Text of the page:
Practically every currency in the world has depreciated against the US Dollar since 2016. Some rare exceptions, such as the Swiss Franc, have outperformed the greenback. Yet few can boast a stronger performance than the USD as of late.
Currencies in Asia have had a rough few years in particular. Falling commodity prices have hit oil producers such as Malaysia and Indonesia. Likewise, lower demand for exports worldwide have weakened currencies all across emerging Asia.
However, there’s light at the end of the tunnel. Some Asian currencies have hit multi-decade lows and don’t have much room left to fall. The same can be said for the price of oil and other commodities which several currencies in the region are based upon.
Here’s three currencies in Asia which were hit hard, but are first in line to make a comeback against a weakening dollar. They probably won’t skyrocket overnight, but should see sustained growth over the long-term.
1. Malaysian Ringgit
Malaysia’s currency has been one of the worst in Southeast Asia. Despite the country’s overall strong economy growing at over 4% per year, the Ringgit is now at its lowest level in over two decades.
Part of the reason for the Ringgit’s decline is because Malaysia is the world’s largest exporter of palm oil. Petroleum also plays an important role in the nation’s economy. As such, plummeting oil prices have led to weak exports.
There’s still hope for the Ringgit though. It’s been on an uptrend against the US Dollar since early 2017 and has been one of Asia’s best performing currencies since the beginning of the year.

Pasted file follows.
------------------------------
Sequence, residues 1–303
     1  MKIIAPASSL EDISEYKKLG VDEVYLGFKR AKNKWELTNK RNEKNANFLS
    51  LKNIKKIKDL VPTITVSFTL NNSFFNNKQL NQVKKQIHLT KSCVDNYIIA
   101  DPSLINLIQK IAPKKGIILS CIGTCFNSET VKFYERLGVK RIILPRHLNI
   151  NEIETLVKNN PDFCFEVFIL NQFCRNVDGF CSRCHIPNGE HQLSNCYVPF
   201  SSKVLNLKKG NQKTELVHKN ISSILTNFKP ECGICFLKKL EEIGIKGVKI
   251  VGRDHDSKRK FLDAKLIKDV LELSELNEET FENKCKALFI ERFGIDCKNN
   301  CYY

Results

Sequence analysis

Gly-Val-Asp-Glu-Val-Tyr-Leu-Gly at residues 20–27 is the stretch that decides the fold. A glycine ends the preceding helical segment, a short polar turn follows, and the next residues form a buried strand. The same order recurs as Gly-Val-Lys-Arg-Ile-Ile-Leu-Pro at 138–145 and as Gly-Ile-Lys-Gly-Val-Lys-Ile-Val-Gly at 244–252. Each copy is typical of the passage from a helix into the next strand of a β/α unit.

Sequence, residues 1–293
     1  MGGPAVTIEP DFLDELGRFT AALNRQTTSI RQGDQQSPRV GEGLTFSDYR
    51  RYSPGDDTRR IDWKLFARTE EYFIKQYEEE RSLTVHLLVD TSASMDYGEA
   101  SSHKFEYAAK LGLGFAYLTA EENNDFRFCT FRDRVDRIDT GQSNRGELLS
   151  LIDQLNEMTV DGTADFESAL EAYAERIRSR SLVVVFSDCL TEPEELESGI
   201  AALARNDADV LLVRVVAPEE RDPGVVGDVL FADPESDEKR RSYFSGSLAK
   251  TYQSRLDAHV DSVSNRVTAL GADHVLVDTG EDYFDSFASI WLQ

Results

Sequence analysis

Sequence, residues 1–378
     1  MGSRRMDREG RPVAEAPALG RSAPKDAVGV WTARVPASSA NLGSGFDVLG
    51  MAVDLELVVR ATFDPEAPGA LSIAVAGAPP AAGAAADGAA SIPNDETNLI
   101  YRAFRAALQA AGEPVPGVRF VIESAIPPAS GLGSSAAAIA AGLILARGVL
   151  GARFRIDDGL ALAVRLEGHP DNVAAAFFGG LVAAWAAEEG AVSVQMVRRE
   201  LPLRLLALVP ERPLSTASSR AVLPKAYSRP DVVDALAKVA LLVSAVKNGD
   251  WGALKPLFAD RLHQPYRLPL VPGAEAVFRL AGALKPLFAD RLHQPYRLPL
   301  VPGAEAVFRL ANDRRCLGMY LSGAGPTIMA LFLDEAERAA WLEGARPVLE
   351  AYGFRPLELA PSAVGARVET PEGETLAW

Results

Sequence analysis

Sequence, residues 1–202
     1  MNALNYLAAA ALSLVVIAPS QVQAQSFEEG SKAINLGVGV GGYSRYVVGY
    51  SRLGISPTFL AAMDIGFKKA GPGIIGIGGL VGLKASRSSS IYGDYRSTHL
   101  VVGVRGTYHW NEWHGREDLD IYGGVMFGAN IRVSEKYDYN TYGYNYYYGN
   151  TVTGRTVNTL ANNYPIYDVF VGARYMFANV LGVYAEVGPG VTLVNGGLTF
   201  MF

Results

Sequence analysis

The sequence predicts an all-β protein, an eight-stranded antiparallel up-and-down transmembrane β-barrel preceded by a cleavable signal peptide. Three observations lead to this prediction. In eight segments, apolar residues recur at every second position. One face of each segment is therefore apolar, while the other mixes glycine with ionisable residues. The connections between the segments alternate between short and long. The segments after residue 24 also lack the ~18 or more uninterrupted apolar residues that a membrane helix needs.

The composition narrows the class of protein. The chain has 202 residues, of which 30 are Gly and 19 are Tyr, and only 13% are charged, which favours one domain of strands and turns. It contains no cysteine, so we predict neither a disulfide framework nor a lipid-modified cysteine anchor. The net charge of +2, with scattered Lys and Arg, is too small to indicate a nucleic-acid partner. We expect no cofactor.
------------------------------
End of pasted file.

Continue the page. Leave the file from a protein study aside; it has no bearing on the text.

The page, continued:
Now at its lowest level since the early 1990s, the Malaysian Ringgit has few places left to go but upwards. We at InvestAsian were bearish on the Ringgit back in 2015 (and rightfully so). Two years later, and after losing more than 20% of its value since then, we recommend it as a buy.
2. Chinese Yuan
President Trump has had some harsh words for China. He even threatened to label them a currency manipulator for allegedly keeping the Yuan’s value artificially low.
But the Yuan has gotten stronger since December of 2016 and will continue to make gains over the long-term. Why? Because China’s goal of becoming the world’s main economic player demands a stronger, more stable currency.
The Yuan must also become a global currency and a lot of progress has been made on this front. From currency swap deals with Russia, to bonds denominated in Renminbi being sold in the UK, the Yuan is starting to be used outside China’s borders more than ever.
Not only that, but the IMF even made the Chinese Yuan part of its basket of reserve currencies. All of these things mean greater demand for a Yuan which will inevitably strengthen over time.
3. Indian Rupee
India’s currency will also strengthen for many of the same reasons the Yuan will. The rupee has a much lower base to start from though, and it arguably has even more upside potential.
The Indian economy hasn’t achieved anywhere near China’s level of growth. Experts believe that corruption, inefficiency, high taxes, and lack of business friendliness are to blame for the country’s poor performance when compared to its peers.
There’s better times ahead in the world’s second most populous country though. Prime Minister Modi has put forth numerous reforms since his election in 2014. Job creation, improved-business processes, and a booming Indian stock market have been hallmarks of his tenure in office.
In fact, the IMF expects India’s economy to grow even faster than China’s starting this year and going forward.
This clearly bodes well for the rupee. The nation’s sheer size combined with faster growth will lead to a more dynamic, globally-significant Indian economy – along with a stronger rupee.
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